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Compiling .NET code on-the-fly

, 19 Nov 2003
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Compile .NET code programmatically, in memory, then use the resulting assembly to instantiate an object of a class, access its properties and methods, and call a static function.

Introduction

Sometimes it is useful to add some programmability to your projects, so that a user can change or add logic. This can be done with VBScript and the like, but what fun is that when .NET allows us to play with the compiler? Obviously, your compiled "script" is going to be much faster than interpreted VBScript or Jscript.

I'll show you how to compile VB.NET into an assembly programmatically, in memory, then use that code right away.

Using the code

The demo project is a simple windows application. Here in the article I'll describe how to call a static function; the included project also has example of creating an instance of an object and accessing that instance's properties and methods.

Set up your project and form

The namespaces we'll need for compiling are in System.dll, so they'll be available in a default project in Visual Studio.

Now drag some controls onto the form - you'll need a textbox for the code, a compile button, and a listbox to show your compile errors. They're called txtCode, btnCompile, and lbErrors, respectively. I know, you never get compile errors, but your users might. Smile | :)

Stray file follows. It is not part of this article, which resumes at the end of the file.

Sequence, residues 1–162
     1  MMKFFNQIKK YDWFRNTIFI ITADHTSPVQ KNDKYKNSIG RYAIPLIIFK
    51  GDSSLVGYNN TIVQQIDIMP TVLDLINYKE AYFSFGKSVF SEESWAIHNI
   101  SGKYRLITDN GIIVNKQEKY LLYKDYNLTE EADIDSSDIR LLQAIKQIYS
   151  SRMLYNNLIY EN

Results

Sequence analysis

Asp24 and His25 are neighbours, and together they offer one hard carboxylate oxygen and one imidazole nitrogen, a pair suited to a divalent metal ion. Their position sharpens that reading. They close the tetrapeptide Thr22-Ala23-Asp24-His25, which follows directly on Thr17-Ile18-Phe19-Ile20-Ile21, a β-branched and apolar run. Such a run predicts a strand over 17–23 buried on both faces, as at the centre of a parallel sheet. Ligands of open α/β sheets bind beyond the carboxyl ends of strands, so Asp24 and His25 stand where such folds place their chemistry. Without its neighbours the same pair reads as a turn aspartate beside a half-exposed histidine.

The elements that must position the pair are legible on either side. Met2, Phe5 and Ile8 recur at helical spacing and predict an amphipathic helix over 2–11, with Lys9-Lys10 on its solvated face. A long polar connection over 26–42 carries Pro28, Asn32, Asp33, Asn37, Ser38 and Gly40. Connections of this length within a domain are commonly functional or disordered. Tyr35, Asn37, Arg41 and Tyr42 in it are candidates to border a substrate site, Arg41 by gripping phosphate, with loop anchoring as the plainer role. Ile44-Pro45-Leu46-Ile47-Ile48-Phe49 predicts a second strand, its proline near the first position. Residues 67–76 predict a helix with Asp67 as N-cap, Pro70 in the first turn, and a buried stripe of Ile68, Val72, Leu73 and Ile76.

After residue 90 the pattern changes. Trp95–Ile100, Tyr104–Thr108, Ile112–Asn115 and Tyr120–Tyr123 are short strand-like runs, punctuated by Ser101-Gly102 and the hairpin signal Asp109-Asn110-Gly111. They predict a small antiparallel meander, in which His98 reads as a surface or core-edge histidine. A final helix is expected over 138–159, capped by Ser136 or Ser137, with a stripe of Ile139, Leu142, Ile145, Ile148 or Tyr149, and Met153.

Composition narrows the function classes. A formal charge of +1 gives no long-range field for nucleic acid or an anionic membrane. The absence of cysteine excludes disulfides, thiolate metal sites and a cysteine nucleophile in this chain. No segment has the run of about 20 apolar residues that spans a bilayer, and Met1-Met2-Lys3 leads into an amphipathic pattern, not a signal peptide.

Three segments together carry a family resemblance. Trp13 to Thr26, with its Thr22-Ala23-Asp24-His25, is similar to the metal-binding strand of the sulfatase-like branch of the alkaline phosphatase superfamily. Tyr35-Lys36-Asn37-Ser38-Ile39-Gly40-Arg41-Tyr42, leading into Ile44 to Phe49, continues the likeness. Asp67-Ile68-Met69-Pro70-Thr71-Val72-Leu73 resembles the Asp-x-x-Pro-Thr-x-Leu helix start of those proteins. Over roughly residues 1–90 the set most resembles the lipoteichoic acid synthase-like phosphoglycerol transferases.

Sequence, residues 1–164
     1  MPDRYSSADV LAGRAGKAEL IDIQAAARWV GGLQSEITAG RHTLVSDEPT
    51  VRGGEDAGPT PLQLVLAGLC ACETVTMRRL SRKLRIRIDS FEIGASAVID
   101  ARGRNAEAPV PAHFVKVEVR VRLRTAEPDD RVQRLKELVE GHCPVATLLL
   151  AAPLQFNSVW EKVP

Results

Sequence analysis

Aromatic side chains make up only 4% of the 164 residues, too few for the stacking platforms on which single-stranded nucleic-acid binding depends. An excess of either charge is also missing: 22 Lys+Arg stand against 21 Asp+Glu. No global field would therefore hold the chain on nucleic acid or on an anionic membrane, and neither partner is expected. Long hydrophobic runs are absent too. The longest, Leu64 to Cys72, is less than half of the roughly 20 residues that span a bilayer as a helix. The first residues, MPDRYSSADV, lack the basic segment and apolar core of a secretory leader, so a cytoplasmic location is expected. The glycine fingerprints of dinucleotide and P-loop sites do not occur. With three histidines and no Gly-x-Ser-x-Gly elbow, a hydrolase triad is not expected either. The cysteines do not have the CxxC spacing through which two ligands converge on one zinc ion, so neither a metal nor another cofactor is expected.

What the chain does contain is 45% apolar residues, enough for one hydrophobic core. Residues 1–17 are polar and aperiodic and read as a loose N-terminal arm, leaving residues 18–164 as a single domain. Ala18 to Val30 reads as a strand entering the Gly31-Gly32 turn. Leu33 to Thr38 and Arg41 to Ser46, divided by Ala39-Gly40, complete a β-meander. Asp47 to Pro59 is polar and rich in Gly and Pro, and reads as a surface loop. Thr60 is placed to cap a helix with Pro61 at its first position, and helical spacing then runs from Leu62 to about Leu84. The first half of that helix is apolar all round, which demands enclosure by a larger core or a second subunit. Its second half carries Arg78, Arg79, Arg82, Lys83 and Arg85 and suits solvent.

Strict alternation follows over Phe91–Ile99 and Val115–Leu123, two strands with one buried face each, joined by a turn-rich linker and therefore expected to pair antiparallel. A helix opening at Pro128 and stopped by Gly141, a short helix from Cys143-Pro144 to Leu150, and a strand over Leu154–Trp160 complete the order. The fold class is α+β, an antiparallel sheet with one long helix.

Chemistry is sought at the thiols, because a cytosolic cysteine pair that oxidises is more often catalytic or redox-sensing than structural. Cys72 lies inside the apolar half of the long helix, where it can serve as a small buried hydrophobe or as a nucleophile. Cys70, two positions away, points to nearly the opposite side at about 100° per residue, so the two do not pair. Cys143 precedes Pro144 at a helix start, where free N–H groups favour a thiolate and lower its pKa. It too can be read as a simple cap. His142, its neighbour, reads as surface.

Add some code to be compiled

For this demo I'll just put a sample class in the form when it loads. Here is the part of the class definition that I'll use in this article; the demo project has more functionality.

Public Class Sample
    Public Shared Function StaticFunction(ByVal Arg As String) As String
        Return Arg.ToUpper()
    End Function
    
    ...
    
End Class

Implement the compiler

Now we get to the fun part, and it's surprisingly easy. In the compile button's click handler, the following bit of code will compile an assembly from the sample code.

Dim provider As Microsoft.VisualBasic.VBCodeProvider
Dim compiler As System.CodeDom.Compiler.ICodeCompiler
Dim params As System.CodeDom.Compiler.CompilerParameters
Dim results As System.CodeDom.Compiler.CompilerResults

params = New System.CodeDom.Compiler.CompilerParameters
params.GenerateInMemory = True      'Assembly is created in memory
params.TreatWarningsAsErrors = False
params.WarningLevel = 4
'Put any references you need here - even you own dll's, if you want to use one
Dim refs() As String = {"System.dll", "Microsoft.VisualBasic.dll"}